DO YOU WANT THEM TO STARVE AND HAVE ONLY THEIR EMPTY MARKETING COPY TO EAT

@Trev @shel *insert the General Ripper Fluoridation speech from _Dr. Strangelove_ here*

@shel What if we called it "rent-seeking" or "rent-collecting"?

When you own a house you don't live in or a business you don't work in, all you're doing is taking a cut of money that other people earned, right?

@christianbundy @shel True, but most people haven't learned to despise the notion of profits. Nobody likes paying rent to a fucking slumlord, though.

@starbreaker @christianbundy i think this is a little narrow though

because even if i didn't collect rent if i still "own" your apartment you still only get to live there on my terms and that also needs to be abolished

@shel @starbreaker I think I may be misunderstanding -- where is my rent going if not to the "owner"?

@christianbundy @starbreaker I think you're reading this backwards

I'm trying to figure out good ways to communicate the communist idea of "abolishing private property" that's more modern and doesn't require as much explaining

Someone suggested "rent collecting" but I'm saying like... even if I stopped collecting rent on your house (so you're not paying rent at all in this scenario) I could still "own" it under current law and like, evict you or something, so it's still my "private property"

@shel "privatization" still sounds like something elites do at others' expense, and it assumes a privatizer

So, privatized property

@shel I think we need to bring back the distinction of personal and private property, and make it clear that the home in which you live is personal because you live in it, and then get on with the abolition of private property.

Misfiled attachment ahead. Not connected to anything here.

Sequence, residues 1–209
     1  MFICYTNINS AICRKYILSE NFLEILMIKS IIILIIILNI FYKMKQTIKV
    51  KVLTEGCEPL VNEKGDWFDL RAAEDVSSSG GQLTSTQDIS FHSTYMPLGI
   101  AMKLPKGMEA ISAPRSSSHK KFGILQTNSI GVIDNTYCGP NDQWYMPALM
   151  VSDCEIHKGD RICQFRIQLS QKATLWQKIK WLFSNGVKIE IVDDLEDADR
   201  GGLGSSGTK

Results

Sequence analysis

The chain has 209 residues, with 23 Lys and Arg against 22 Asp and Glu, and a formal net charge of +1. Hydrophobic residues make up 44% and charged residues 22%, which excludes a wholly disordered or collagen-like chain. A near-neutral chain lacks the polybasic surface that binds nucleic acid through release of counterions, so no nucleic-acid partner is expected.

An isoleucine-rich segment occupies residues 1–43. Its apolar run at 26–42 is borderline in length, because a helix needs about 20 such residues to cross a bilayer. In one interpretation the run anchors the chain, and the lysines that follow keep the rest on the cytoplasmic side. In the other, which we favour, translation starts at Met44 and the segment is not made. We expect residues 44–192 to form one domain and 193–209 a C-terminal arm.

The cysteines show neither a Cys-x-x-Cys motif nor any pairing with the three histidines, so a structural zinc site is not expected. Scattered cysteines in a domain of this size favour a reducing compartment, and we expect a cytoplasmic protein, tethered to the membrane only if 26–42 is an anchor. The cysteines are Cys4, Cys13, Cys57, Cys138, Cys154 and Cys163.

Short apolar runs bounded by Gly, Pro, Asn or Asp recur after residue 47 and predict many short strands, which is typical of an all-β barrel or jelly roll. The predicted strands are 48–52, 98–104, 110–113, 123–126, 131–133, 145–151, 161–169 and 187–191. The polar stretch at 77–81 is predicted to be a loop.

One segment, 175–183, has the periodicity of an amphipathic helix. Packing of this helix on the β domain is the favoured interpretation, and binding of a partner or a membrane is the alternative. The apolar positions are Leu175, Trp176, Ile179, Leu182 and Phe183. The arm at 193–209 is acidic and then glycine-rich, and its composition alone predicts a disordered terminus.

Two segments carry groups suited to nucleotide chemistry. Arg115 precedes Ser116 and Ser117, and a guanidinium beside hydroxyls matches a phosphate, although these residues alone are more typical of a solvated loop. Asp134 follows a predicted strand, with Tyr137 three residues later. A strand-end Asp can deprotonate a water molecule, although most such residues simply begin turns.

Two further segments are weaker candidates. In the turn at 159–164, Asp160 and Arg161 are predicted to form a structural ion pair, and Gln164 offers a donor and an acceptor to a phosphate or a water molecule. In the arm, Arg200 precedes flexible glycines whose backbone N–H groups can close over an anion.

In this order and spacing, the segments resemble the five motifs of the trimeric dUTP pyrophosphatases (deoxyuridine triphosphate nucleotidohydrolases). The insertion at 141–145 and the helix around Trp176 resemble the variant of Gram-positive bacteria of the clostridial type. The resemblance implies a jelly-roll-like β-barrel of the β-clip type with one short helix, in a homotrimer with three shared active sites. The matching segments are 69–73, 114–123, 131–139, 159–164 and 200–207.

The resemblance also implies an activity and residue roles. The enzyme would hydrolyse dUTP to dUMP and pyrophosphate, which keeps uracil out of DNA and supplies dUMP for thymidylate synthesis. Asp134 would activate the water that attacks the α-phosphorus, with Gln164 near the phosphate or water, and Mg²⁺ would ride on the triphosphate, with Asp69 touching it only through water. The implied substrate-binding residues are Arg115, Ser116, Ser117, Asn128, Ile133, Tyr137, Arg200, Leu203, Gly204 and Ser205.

And by "live in," I mean "as a primary residence." No "I timeshare across my seven mansions" bulldada. You get one. When everybody has one, we can talk about two.

@literorrery @shel please someone hurry up and make this happen so I can get rid of the house I don't want without losing the house I do want.

@shel @literorrery I would very much love to un-own one of them but that doesn't seem to be possible.

@Fuego @literorrery i dont understand but i'm guessing it's like some complicated bank nonsent

@shel @literorrery bought the house right before the crash. House lost a ton of value. Still have to pay the bank. Cant sell it. Unless someone wants to hand me $100k?

@Fuego @literorrery this is such a disgusting situation to get thrown into

@shel @literorrery when someone says they “own a house” what they really usually mean is the bank owns the house and they are on the hook for more money than they have ever seen in their life times 3

@Fuego @literorrery yeah i often have said that homeownership for anyone who isn't megawealthy just sounds like having a shittier landlord

@Fuego @shel I bought the house I'm planning on dying in, so I'm not worried about selling it, but the cost of upkeep has definitely exceeded my worst projections. It was still the right move. I still has downsides for which I wasn't prepared.

@literorrery @Fuego I'd only buy a house if I was trying to start one of those Collectives or a housing co-op or something like they have in Worcester; or like lupinewood up in turners falls.

which is definitely a fantasy i've had hehe. but yeah like spreading the cost across a bunch of ppl equally owning the space and chipping in for labor, making it into a super cool space that can act as a space for community events, would be cool~

@Fuego @shel I've been running one in various forms for seventeen years. It doesn't always work out as it does in the dream, and the reality of having to tell people they're not contributing sufficiently -- by whatever measuring stick you use -- is a lot harder when enforcing boundaries means taking away living stability.

@Fuego @shel This isn't to say it can't work, but everyone in the house needs to commit to the common good, and to agree on what that means, for it to work long-term. That's a lot of emotional labor for everyone to manage, and not everyone is suited to those kinds of arrangements. Even those who are can still gave different needs and those have to be communicated and managed as a group.

@literorrery @Fuego yeah the ones I know of, like Collective-A-Go-Go in Worcester, are often more places where artists and activists do a term of living for a while, make some sort of contributions to the space, and then cycle out after a couple years.